Nine months after the storm, more than a thousand jailed defendants have had no access to lawyers, the judge says, because the public defender system is desperately short of money and staffing, without a computer system or files or even a list of clients. 

Handcuffed, shackled and wearing jailhouse orange, Mr. Dunn told the court that as the water rose, he spent four frightening days without food in the House of Detention, and was then moved from prison to prison, losing touch with his family.

In the nine months since the hurricane, he said, he has never even spoken to a lawyer. “I don’t have a lawyer,” Mr. Dunn said. “I never been to court.” Without a lawyer a defendant cannot even plead guilty.

Judge Arthur L. Hunter Jr.’s response has been to suspend prosecution in most cases involving public defenders. The district attorney’s office is naturally opposing the move. My favorite quote is from David S. Pipes, an assistant district attorney, “The proper solution for someone who does not have an attorney is to get them an attorney. Releasing them does not cure anything and does not protect their rights.”

Orientation at the University of Houston Law School today

First up – take a test. It was an evaluation of our writing proficiency, but still. It was very test-like and made law school feel that much more real and looming, which of course it is. Our first class is next tuesday.

By far the best part of orientation was getting to know the group of people I’ll be spending the next four years with. Great people and a really diverse and interesting group. We had a couple drinks with some 2Ls in the evening program at Little Woodrow’s afterwards and got the low down. Apparently the next month in particular is really gonna suck. Civil Procedure. Three hours a day, four days a week of “how a lawsuit or case may be commenced, what kind of service of process is required, the types of pleadings or statements of case, motions or applications, and orders allowed in civil cases, the timing and manner of depositions and discovery or disclosure, the conduct of trials, the process for judgment, various available remedies, and how the courts and clerks must function.” (wikipedia) And it’s taught by Ragazzo, who’s reputation was almost to a person some variant on the word “ass” – ranging from “hard-ass,” as in ‘I respect and fear his knowledge and abilities’ to the other end of the spectrum with “asshole,” as in I really, really fear his knowledge and abilities and also did not really enjoy the public humiliation I suffered as a result of his socratic method. Otherwise the consensus is that he is extremely proficient, fair, always means what he says and adheres to a no-nonsense grading system that can’t really be argued with.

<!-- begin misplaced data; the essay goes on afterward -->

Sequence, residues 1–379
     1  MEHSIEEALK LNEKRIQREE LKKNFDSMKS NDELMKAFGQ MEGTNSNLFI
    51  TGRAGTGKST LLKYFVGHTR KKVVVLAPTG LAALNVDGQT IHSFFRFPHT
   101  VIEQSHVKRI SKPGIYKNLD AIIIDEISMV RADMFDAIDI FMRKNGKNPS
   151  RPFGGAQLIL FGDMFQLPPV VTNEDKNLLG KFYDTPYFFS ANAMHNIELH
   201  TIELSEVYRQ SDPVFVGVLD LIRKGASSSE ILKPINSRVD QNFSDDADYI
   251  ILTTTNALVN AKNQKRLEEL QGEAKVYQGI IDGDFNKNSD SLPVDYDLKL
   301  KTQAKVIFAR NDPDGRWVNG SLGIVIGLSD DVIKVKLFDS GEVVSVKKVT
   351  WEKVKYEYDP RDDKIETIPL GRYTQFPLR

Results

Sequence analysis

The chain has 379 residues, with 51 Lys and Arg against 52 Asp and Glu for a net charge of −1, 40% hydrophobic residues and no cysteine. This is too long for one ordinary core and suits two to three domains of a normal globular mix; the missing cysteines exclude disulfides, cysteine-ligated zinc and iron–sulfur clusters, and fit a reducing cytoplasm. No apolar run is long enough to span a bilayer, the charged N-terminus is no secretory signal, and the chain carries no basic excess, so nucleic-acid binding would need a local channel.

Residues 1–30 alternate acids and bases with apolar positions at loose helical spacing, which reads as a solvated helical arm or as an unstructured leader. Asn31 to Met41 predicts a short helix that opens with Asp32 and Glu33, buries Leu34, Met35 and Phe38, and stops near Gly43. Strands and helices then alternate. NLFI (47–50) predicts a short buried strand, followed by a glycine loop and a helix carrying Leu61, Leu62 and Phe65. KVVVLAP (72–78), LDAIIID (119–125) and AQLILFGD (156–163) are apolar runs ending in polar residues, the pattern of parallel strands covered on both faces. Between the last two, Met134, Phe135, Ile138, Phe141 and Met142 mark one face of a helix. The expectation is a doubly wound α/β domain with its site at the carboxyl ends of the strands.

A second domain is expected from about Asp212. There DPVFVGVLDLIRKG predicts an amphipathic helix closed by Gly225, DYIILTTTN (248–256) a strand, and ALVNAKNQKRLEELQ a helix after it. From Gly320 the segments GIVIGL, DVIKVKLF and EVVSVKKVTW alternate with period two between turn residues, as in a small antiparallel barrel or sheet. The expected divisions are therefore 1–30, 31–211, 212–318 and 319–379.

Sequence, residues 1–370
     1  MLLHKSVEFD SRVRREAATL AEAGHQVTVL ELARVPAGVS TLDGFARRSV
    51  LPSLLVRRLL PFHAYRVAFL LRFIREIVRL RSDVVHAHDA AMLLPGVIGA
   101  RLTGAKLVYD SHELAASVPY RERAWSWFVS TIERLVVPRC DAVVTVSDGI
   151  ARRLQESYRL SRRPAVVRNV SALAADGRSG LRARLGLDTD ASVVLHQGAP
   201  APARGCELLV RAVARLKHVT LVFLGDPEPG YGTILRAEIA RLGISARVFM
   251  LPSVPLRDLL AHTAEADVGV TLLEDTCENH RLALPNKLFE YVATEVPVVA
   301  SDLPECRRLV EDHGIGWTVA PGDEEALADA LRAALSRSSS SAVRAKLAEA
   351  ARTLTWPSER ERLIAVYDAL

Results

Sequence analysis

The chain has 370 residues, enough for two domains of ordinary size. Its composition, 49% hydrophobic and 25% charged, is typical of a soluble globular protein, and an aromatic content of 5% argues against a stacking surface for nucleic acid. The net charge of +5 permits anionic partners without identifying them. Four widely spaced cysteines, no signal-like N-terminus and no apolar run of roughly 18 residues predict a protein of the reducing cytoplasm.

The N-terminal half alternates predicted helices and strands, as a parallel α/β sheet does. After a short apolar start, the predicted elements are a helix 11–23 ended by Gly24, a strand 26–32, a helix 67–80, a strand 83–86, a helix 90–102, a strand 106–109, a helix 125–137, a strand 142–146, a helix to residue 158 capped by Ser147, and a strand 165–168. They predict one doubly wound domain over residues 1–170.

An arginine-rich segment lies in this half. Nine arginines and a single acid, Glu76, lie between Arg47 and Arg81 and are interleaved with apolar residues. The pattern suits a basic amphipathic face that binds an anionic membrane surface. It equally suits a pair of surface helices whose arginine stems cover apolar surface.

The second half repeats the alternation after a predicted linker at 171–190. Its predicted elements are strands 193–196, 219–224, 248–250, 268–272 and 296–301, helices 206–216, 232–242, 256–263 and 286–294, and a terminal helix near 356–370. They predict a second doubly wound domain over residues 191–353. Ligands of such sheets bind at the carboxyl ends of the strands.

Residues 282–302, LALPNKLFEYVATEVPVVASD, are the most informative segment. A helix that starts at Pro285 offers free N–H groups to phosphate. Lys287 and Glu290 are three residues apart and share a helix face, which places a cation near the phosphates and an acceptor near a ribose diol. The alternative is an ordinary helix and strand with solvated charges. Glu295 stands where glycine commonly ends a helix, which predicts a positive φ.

Ragazzo actually came to one of my undergrad classes, Psychology & Law, to demonstrate the socratic method. Mark Yanis, who co-taught the course, was an appellate lawyer and UHLC alum and wanted to give us a taste of it since so many of us were interested in law school. We read and briefed a case and prepared for “the method.” I happened to be the first one he called on. Hopefully that will give me some sort of karmic immunity this time around. I have a funny feeling about that though. I answered his questions and he let me sit down with my dignity intact. I’m not expecting a repeat performance. He’s known for cutting you off two or three words into your first sentence if he thinks your going down the wrong path and demands that you be able to support your statements with authoritative attribution at all times. Fun fun fun. When I got home I had this in my inbox -

I can’t wait to learn about lawyerpults.

Introducing the Blawg

Starting May 30th, 2006 I’ll be a 1L in the evening program at the University of Houston Law Center in Houston, TX.

I’ve been blogging for a couple of years now with my own High on the Hog Blog and as a regular contributor to Metroblogging Houston so it only made sense that I would join the blawgosphere as well.

My plan is to post on the law school experience, specifically at the University of Houston, as well as relevant legal and community news. If you’re a blawger, particularly in and around Houston, please let me know and I’ll add a link to your site to my blawgroll. I’m also considering a separate website project that would aggregate the RSS feeds of law-related blogs in across Houston and possibly Texas as a whole.

Questions or feedback, I would love to hear from you. The comments are open or e-mail me.